>. What was important, simply, is that *some* arbitrary
>assumption about production periods was necessary from the standpoint of
>further understanding the turnover time of different elements of capital
>and the period of the reproduction of the total capital. Had Marx not
>made these assumptions, then how would he have been able to model the
>reproduction and accumulation processes?
Yet couldn't these models be read as to reveal the absurd assumptions one
would have to make in order to demonstrate a real tendency towards
equilibrium? That is, in order for equilibrium to obtain, all capitals must
have the same turnover time; there must be a perfect synchronization of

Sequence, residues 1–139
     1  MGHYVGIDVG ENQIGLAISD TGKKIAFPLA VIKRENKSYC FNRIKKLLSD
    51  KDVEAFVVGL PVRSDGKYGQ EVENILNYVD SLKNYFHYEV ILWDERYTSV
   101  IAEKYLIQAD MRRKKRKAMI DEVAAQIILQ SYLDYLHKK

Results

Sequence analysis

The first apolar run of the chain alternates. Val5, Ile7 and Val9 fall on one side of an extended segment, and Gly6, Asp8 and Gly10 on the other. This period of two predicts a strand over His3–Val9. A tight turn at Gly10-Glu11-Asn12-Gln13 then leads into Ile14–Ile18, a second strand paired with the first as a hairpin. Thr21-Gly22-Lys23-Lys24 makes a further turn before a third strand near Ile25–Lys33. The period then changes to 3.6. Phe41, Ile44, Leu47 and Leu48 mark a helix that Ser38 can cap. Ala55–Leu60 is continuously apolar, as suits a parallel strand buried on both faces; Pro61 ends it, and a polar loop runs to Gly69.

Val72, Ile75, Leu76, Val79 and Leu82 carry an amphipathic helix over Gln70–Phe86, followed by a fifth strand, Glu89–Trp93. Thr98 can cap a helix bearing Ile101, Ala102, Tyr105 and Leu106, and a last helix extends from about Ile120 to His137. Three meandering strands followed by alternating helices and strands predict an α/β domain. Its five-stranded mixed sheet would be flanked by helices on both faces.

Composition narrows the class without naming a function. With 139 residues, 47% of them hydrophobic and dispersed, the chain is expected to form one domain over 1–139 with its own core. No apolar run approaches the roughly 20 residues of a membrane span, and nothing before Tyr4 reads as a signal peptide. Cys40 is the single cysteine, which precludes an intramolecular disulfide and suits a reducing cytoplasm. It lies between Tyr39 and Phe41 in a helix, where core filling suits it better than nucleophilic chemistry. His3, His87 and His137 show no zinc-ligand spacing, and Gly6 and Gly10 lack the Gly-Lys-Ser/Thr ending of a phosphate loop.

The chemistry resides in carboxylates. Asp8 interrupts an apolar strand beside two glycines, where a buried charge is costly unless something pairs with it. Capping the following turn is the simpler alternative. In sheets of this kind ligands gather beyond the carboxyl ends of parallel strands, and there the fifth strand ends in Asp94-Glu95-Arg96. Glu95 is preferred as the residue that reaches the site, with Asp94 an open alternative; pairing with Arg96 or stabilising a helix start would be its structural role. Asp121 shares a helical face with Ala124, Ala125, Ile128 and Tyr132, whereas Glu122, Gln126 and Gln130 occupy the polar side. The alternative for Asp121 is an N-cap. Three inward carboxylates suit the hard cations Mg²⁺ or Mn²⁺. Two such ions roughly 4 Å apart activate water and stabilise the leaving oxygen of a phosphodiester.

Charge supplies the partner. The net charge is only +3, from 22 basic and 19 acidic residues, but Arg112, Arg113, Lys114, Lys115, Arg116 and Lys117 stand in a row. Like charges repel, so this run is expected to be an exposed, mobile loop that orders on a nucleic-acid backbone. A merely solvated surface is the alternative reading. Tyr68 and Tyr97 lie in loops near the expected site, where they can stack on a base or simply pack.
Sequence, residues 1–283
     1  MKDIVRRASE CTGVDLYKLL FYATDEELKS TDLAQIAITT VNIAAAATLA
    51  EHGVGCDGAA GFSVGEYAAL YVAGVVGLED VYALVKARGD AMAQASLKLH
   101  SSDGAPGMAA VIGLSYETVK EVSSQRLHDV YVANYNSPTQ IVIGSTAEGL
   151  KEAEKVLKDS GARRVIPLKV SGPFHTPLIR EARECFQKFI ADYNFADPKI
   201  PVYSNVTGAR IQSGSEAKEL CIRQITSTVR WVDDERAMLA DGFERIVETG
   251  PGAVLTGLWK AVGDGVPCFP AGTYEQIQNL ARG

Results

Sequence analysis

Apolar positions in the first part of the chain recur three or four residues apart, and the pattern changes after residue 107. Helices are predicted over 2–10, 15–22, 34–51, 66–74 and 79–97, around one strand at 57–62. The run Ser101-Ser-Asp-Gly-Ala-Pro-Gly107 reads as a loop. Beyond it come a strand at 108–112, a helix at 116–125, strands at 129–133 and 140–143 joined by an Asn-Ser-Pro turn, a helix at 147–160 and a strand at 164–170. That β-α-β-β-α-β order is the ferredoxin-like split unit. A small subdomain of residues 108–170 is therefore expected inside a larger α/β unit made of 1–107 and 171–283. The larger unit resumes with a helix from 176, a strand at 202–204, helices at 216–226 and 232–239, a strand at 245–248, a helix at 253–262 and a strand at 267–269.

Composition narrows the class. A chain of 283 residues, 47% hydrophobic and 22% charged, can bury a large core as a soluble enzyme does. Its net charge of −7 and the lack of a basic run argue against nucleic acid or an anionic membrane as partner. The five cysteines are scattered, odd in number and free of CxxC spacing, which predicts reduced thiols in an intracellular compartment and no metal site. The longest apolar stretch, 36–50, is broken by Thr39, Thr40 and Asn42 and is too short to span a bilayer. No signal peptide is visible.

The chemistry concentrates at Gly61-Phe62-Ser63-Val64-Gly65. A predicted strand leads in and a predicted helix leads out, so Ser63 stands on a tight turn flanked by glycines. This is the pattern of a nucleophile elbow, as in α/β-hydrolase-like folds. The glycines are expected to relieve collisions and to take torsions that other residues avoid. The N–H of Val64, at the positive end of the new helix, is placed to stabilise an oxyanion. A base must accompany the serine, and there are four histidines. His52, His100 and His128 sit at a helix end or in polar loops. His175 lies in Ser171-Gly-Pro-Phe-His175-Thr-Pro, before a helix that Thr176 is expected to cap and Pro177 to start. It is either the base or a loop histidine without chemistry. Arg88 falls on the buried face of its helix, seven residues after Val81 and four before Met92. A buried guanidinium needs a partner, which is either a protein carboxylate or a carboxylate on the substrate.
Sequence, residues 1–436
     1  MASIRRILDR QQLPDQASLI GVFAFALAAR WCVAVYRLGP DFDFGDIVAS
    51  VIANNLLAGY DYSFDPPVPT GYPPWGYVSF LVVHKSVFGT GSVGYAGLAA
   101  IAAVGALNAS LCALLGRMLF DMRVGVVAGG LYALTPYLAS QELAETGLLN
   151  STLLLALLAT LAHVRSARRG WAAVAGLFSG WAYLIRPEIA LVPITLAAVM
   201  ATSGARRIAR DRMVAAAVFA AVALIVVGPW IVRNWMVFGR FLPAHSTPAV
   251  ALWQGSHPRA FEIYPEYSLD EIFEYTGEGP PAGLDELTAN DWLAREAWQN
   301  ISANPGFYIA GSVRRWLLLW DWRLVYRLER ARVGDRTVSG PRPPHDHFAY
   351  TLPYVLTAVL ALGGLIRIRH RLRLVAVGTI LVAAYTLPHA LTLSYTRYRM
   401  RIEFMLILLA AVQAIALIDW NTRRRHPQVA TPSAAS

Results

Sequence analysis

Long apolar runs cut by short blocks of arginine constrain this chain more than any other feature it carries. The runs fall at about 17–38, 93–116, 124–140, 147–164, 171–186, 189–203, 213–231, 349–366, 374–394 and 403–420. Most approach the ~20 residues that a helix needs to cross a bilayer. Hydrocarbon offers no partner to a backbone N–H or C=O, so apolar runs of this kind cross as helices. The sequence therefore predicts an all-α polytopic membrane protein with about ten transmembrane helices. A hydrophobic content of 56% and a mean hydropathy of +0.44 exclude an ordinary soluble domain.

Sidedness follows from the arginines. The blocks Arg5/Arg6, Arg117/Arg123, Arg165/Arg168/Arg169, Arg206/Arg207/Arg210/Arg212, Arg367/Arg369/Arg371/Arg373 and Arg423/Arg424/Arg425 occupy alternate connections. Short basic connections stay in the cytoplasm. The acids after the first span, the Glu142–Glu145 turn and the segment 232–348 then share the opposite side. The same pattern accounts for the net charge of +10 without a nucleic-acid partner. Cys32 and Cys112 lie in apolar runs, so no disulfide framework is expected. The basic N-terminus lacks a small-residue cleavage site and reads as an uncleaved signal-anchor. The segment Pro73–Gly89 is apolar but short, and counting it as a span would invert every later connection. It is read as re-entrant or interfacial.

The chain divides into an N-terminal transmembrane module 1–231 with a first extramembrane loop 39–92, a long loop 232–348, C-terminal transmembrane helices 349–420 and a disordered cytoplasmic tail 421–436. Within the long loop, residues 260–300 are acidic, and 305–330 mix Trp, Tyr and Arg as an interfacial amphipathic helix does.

turnover of fixed and circulating capital and the synchronization of
turnover of department one and department two capitals, despite the greater
durability of the former. Of course Grossmann attempted to demonstrate why
each assumption was only preliminary and simplfying, while for the dominant
theory such assumptions represent a definitive methodological observation.
By clarifying the assumptions required to model the reproduction and
accumulation processes as equilibriated, Marx demonstrates the
impossibility of equilibrium.